Tuesday, December 30, 2014

Holiday Reading 2014: Central Asian Titles

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Cover of Lost Enlightment
Once again, as I prepare for a summer break down the coast, I have packed several Central Asian titles in my bag.

Lost Enlightenment:
 Central Asia's Golden Age from the Arab Conquest to Tamerlane

First up is Frederic Starr's book that recounts how, between 800 and 1200 AD, Central Asia led the world in trade and economic development, the size and sophistication of its cities, the refinement of its arts, and, above all, in the advancement of knowledge in many fields.

Central Asians achieved remarkable breakthroughs in astronomy, mathematics, geology, medicine, chemistry, music, social science, philosophy and theology.

They gave algebra its name, calculated the earth's diameter with unprecedented precision, wrote the books that later defined European medicine, and penned some of the world's greatest poetry. Rarely in history has a more impressive group of polymaths appeared at one place and time.

After reading the first chapter (free download here) I was hooked and immediately ordered a copy. It is also available as an e-book. If you have read Jonathon Lyons The House of Wisdom, then you will like this book.

Art books: Usto Mumin and Alexander Volkov

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Cover of book about Usto Mumin (painting: The Fiancé)
The second-hand book sellers' area in Tashkent is an excellent place to pick up art and craft books, many of which were published in Russian, Uzbek and English. Generally the reproductions are high quality.

Born in Russia, Alexander Nikolayev moved to Samarkand in 1920 and joined the Masters of the New East movement. He converted to Islam and took the name Usto Mumin.

His avant garde style was influenced by oriental miniatures. Usto Mumin was repressed in the 1930s because of his homosexuality. After release from the gulag, he settled in Tashkent and worked as book illustrator and theatre designer.

In the same series, Masters of Arts of Uzbekistan, from Tashkent's Gafur Gulyam publishing house, I found a similar book on Alexander Volkov, one of my favourite Uzbek artists. Christies held an exhibition of his work late 2012.

Both the Savitsky collection in Nukus and Tashkent's State Museum of Arts have excellent collections of Usto Mumin's and Volkov's works.

Memories of Baku

In preparation for a trip to Azerbaijan next year, I am looking forward to reading Memories of Baku: Beyond the Land of Fire.

Editor and co-author Nicolas V. Iljine, uses a collection of photographs, art and essays to show the changes in Azerbaijan as it became a large oil-producing nation, particularly in the capital city of Baku. Iljine had first started the project after obtaining a postcard collection from the end of the 19th century of Baku, and his interest turned into a "passion for discovering local impressions from further afield in Azerbaijan".

Setting the East Ablaze: Lenin's Dream of an Empire in Asia

uzbekistan tours, central asian book titles, art craft central asia
Cover Setting the East Ablaze
Outstanding journalist Peter Hopkirk, known for his books The Great Game and Foreign Devils on the Silk Road, wrote this account of Lenin's dream to liberate the whole of Asia (starting with British India) in 1984. Hopkirk, a true Central Asian expert, died in August this year.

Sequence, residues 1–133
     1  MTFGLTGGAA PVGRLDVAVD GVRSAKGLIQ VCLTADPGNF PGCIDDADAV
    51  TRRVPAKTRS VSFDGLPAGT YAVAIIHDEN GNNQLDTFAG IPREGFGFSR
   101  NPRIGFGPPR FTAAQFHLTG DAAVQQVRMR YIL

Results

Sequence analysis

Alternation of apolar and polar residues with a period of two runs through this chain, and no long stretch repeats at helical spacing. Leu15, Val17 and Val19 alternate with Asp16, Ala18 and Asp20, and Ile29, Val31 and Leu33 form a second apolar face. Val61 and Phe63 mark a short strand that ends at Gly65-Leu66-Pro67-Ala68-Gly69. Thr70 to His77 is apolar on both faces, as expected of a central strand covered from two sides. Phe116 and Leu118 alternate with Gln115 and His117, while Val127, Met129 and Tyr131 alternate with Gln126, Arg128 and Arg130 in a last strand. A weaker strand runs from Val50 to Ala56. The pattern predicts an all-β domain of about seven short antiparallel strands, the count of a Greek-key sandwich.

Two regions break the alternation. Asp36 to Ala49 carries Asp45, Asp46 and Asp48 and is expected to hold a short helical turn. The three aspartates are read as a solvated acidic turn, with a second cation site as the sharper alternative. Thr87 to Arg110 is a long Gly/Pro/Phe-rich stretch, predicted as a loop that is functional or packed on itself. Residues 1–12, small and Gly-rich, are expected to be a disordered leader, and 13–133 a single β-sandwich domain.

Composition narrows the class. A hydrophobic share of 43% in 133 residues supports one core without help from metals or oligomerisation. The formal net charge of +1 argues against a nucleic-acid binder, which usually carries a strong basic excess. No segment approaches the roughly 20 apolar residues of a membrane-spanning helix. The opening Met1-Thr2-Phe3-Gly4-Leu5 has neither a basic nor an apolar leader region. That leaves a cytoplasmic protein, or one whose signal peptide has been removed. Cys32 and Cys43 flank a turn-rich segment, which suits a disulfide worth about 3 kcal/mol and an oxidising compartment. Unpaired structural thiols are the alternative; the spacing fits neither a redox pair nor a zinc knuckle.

Chingiz Aitmatov and his Land

This gorgeous book of black and white photographs was produced by Maek Films with photographs by Bishkek-based Alexander Fedorov.  One of the most famous Central Asian writers, Chingiz Aitmatov wrote splendid novels about the people of the Kyrgyz steppe and the impact of the USSR on Kyrgyz nomads. (e.g. Jamilia)

He was president of the Cinematographers' Union for many years. These stunning photographs are not only of the magnificent Kyrgyz landscape, but also of Aitmatov and scenes from films based on his novels.

New Year Wishes

To all Uzbek Journeys clients and readers of this website - I wish you all an interesting, happy and safe 2015.

Related posts:
Holiday Reading 2013: Central Asian Titles
Holiday Reading 2012: Central Asian Titles
Central Asian Art and Craft Books: Holiday Reading 2011 
Silk Road Media: An Uzbek Entrepreneur in London   (for book orders)
Uzbek Journeys Book List

Wednesday, December 17, 2014

What's On in Tashkent

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Scene from Love, Death & Rock n Roll staged at the Ilkhom theatre
Tashkent is a marvellous city.  It is so pleasurable to ride the beautiful metro, stroll along the canals, visit the wide range of museums and enjoy the parks. It is a shame that tourists usually just stay one night and then head out to the ancient Silk Road cities.

What is frustrating for visitors, however, is finding out what  events are scheduled in the city. There is no Uzbek "Time Out" publication and staff at Tashkent hotels are usually not up-to-date with what's on.

Here are my tips to enjoy the city's theatre, music and cinema. Note that you will need to constantly use online free translation services - see below for an illustration.

Also note that in summer, from mid-June through mid-September, theatres and concert halls tend to close.

Armed with performances, times and phone numbers, you can then ask your hotel reception staff to contact the venue, double check the information, book tickets. and arrange transport if required. Generally performances start early, around 1800 - 1830.

1.  Alisher Navoi Opera and Ballet Theatre